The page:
In my last blog post, I reported on research findings that the natural compound lutein is not only important for good vision and eye health. It could also help to protect against metabolic syndrome, heart attack, stroke, various cancers and Alzheimer’s disease.
All these health problems are also complications of diabetes, so it makes sense for anybody with type 1 or type 2 diabetes to ensure they are getting a good supply of this valuable nutrient. Luckily, lutein is naturally present in a wide range of foods. The most concentrated sources are:
- Dark green, leafy vegetables, such as spinach, kale and chard. You will absorb most lutein from these vegetables if they are lightly cooked or are whizzed up in a smoothie.
- Sweet corn, which gets much of its yellow colour from its lutein content. Lutein is fat-soluble, so eating sweet corn with butter or olive oil aids its absorption.
- Egg yolks, which should be organic whenever possible and are best consumed raw or soft-boiled. Eggs are also a good source of vitamin D, as I mentioned here.
- Kiwi fruit. These handy little fruits aren’t only bursting with vitamin C, they are also surprisingly high in lutein.
- Pumpkin. Which is great to know, since there’s nothing better than oven-roasted pumpkin to cheer a person up on a cold winter night!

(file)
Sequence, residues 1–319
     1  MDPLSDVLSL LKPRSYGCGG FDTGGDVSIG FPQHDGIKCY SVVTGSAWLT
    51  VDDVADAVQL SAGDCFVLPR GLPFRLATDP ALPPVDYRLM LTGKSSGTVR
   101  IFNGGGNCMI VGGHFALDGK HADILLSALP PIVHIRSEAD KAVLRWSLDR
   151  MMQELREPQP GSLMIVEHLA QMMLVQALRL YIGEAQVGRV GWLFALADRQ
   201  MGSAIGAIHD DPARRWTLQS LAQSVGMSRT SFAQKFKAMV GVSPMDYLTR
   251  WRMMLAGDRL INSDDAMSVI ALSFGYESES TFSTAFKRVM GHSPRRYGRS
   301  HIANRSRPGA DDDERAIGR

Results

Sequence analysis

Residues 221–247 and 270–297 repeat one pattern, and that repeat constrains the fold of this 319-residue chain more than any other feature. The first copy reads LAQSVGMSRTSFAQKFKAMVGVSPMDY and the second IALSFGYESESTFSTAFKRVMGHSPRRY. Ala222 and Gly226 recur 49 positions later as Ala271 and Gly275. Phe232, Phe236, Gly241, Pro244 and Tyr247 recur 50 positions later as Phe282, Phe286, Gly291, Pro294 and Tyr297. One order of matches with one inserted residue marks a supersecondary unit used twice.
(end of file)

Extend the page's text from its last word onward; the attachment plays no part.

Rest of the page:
- Courgettes (zucchini). These versatile veggies can be grated raw in salads, steamed, stir-fried or roasted. If you have a “Spiralizer”, you can also make them into a spaghetti substitute.
In addition to these food sources, lutein is usually a main ingredient in nutritional supplements for eye health. It is important to find one with a high level of lutein, not just a token amount – you should be aiming for a daily dose of 10 to 30 mg of lutein.
Lutein is a good example of the way natural compounds, unlike prescription drugs, can show a wide range of beneficial health effects without any adverse side effects. Another great example of this is the “drumstick tree” or “miracle tree”, Moringa oleifera. Extracts of this tree’s leaves have been found to reduce blood sugar levels, regenerate damaged beta cells (insulin-producing cells) in the pancreas and a whole lot more, as I explain in my next blog post.Wishing you the best of health,
PhD DHD Nutritionist
for Real Diabetes Truth
Bear in mind we are not addressing anyone’s personal situation and you should rely on this for informational purposes only. Please consult with your own physician before acting on any recommendations contained herein.
Category: Vitamins and Nutrients